Hi, I’m Mary Phillips.
I’ve worked with The Oklahoman’s Archives for over 30 years.
This column will represent a hodge-podge of stuff: the interesting, the odd, and the historical.
Most of it will have an Oklahoma connection, but not necessarily every item.
Here are some observations and notes to get this column started:
- Recently traveling through Fort Sill, I saw a herd of 30 or so elk and thought how content they must be: hunting season is over and the recent rains had turned the pasture where they were grazing into an emerald green smorgasbord.
If you want to know more about historic Fort Sill, visit sill-www.army.mil/museum
- This appeared in a 1904 “Oklahoma Notes” column in The Oklahoman:
“In a recent newspaper controversy it has been settled that the “sooners” compose the territory’s aristocracy. For are they not the “first families?”
- Do you suppose the state forestry department would have recommended planting the red cedar, if they knew what a problem they would become as a fire danger and allergen producer?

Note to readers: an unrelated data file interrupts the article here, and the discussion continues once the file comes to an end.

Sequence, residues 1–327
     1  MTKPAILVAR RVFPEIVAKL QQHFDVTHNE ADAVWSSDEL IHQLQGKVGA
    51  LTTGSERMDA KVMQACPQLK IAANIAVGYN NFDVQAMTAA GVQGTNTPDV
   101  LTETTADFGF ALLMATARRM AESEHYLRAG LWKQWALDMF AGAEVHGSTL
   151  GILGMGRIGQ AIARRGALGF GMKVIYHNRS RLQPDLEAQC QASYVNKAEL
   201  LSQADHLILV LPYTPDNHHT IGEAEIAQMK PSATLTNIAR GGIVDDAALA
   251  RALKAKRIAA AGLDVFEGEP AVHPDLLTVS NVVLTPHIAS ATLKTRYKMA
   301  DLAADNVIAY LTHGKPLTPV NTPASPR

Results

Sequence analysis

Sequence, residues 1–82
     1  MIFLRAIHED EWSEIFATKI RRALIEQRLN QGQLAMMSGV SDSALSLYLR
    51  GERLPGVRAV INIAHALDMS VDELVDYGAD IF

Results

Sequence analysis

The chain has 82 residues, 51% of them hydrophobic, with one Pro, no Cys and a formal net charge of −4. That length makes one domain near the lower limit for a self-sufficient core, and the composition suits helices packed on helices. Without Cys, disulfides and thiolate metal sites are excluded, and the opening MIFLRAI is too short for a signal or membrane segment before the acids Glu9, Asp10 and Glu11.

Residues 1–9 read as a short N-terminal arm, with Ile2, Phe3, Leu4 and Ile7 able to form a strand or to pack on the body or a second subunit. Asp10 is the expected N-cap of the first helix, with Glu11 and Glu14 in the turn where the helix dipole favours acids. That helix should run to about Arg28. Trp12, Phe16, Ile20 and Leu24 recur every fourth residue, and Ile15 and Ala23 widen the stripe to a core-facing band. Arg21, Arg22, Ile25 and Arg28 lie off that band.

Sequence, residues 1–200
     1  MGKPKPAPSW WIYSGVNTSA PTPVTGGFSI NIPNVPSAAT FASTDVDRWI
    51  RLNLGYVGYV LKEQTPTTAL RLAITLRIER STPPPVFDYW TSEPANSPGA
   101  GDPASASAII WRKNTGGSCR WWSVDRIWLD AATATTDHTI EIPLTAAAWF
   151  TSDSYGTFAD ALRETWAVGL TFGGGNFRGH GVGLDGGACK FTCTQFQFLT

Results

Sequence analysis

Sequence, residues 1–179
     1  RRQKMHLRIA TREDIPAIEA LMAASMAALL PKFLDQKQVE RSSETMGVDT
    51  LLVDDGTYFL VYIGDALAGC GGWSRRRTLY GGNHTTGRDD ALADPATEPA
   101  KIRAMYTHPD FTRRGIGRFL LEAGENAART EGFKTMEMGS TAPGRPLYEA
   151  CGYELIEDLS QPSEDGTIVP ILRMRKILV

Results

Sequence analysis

- Does anyone else pass the Capitol at night and see the red beacon lights and think of a ballerina’s tutu?
- 100 years ago on March 9, The Oklahoman reported President Woodrow Wilson was settling into the office of the Presidency,
corsets were selling for a dollar at Brock’s, and Pettee’s was advertising the Ohio Electric Vacuum Sweeper for $25!
- In 1913, the Legislature was debating the cost of building the Capitol; in 2013 the legislators debate repairs to keep the building standing.
-There is a wind generator (windmill) just north of the Harn Homestead. When I pass it on I-235 I often think how windmills probably populated the farms located north of the city after the Run and how appropriate it is to see a modern one working today.Learn more about the Harn Homestead at http://www.harnhomestead.com/
If you come across the interesting or the odd or if you just have a question on Oklahoma history I might be able to answer, e-mail me at email@example.com